U.K. to consider composites for high-speed rail system

HS2 Ltd., a government program developing a high-speed rail network in the U.K., is working with Composites UK to identify applications for composites use in rail infrastructure.

The Composites UK (Hemel Hempstead, U.K.) trade association reported on June 2 that HS2 Ltd., the government program developing a high-speed rail network in the U.K., has started investigating how fiber-reinforced polymer (FRP) composite materials could play a key role in building HS2-Britain’s new high-speed railway.

During a two-day visit to the National Composites Centre (NCC) in Bristol, U.K., earlier this year, the team led by HS2 Ltd.’s Professor Andrew McNaughton explored the opportunities of how to generate significant cost savings for HS2, through the potential use of advanced composite materials.

HS2 Ltd. has decided to look at the following specific components for further development.

  • Composite overhead line gantries;
  • Composite noise barriers;
  • Composite architectural roofing and station fittings; and
  • Composite bridges.

McNaughton says, “HS2 Ltd. has the opportunity to generate significant cost savings through exploring the use of advanced composite materials to develop innovative engineering solutions for HS2. Composites are extremely low maintenance and as such can drastically reduce the whole life cost of components. Also, being extremely light, they can be significantly cheaper to install.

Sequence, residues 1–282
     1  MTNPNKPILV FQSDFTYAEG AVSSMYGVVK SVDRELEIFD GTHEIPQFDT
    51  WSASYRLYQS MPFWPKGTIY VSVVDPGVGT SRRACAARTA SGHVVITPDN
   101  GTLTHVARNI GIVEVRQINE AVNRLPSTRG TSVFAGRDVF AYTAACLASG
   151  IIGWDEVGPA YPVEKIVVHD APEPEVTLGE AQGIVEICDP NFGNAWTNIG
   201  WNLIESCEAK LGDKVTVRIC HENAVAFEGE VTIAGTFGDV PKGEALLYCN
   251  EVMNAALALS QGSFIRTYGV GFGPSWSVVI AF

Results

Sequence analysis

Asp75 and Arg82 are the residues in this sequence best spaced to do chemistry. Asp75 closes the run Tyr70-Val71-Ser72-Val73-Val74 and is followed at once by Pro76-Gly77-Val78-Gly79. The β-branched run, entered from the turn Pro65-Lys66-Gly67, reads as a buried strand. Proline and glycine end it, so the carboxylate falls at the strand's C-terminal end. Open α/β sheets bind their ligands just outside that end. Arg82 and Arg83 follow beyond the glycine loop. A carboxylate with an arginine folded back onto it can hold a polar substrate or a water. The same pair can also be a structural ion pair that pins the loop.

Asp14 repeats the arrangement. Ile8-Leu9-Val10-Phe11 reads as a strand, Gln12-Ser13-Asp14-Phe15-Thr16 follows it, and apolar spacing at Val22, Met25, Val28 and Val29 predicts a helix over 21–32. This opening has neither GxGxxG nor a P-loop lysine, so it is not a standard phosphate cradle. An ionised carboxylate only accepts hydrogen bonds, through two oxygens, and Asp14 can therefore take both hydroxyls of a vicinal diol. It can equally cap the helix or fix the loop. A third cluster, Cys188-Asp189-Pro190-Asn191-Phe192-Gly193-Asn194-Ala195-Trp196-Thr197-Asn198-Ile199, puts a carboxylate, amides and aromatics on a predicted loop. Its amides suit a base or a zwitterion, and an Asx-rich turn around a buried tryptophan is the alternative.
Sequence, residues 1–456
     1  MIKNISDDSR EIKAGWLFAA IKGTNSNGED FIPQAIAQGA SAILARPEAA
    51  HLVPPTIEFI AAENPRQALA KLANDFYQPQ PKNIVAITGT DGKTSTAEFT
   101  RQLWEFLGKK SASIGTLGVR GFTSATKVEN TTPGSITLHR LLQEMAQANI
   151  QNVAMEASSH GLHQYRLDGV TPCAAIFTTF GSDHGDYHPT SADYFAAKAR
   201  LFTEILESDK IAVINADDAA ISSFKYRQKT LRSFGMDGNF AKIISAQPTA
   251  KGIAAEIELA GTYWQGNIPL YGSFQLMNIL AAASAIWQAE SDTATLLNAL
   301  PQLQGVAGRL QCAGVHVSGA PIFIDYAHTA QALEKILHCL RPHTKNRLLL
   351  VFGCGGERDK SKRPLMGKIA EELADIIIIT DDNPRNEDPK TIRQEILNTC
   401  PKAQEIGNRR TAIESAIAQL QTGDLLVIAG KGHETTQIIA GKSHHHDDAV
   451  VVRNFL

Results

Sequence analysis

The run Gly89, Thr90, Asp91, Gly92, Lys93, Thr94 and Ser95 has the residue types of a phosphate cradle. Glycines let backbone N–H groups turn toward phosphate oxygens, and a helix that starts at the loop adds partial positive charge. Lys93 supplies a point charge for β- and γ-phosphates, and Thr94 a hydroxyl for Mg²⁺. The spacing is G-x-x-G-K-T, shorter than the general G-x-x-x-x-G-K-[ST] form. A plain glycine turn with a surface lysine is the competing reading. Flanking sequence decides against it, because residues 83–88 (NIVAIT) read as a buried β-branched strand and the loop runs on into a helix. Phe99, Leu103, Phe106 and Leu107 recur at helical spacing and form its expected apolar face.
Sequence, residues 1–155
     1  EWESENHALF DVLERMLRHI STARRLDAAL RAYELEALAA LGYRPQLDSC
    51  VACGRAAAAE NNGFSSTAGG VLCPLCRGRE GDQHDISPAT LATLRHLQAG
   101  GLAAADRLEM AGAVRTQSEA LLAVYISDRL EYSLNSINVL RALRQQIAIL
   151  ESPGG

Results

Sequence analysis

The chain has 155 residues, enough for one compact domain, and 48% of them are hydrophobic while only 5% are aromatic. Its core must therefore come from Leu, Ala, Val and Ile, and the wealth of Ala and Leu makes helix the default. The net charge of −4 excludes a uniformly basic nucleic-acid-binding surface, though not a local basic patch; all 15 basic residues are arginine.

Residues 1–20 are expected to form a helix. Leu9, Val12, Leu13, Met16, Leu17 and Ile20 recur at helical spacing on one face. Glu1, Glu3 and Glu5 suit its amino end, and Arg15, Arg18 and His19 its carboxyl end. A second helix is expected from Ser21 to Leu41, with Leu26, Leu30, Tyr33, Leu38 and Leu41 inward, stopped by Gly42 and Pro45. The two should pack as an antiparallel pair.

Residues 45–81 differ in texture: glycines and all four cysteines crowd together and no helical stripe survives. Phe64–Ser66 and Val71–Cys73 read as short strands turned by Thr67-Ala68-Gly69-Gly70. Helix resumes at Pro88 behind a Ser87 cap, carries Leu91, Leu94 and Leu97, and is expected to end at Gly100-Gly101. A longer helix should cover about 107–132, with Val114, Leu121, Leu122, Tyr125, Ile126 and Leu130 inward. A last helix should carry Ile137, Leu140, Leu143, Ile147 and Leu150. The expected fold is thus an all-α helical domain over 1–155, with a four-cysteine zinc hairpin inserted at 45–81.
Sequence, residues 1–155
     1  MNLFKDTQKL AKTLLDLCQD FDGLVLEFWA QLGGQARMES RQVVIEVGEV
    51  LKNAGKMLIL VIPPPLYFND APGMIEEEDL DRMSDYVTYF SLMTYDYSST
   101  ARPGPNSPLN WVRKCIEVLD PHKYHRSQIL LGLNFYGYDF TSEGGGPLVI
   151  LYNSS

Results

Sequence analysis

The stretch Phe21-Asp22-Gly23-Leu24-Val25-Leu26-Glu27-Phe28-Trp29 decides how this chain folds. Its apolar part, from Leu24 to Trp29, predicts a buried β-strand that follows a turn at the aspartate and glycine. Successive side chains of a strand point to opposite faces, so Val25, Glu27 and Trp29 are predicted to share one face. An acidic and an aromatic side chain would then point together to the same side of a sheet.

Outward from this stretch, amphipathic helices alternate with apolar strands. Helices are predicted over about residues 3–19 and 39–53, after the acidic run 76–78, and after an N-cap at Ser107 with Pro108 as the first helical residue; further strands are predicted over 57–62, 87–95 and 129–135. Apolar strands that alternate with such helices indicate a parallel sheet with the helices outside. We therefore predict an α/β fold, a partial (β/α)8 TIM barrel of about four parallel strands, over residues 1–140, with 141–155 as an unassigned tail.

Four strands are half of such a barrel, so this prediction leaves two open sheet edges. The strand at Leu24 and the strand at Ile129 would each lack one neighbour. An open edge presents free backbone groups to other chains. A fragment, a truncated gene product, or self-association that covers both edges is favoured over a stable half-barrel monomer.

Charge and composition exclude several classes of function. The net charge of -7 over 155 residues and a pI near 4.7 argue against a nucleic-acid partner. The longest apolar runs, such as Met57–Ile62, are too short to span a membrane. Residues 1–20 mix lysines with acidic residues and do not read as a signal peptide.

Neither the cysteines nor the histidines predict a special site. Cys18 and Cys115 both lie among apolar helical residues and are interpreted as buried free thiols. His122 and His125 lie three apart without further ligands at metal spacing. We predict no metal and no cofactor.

Dr. Sue Halliwell, operations manager, Composites UK, also says, “We are delighted to be working with HS2 on this initiative and their engineers have been keen to explore the potential of composites materials for a wide range of applications. To gain the maximum benefit from using composite materials they must be considered at the design phase so it is extremely refreshing to be engaged in a project at this early stage.”

Composites UK and HS2 Ltd will be hosting a one-day industry showcase event in London on July 14 to further explore the opportunities for composite materials in rail infrastructure. For more information and to get involved contact Composites UK.

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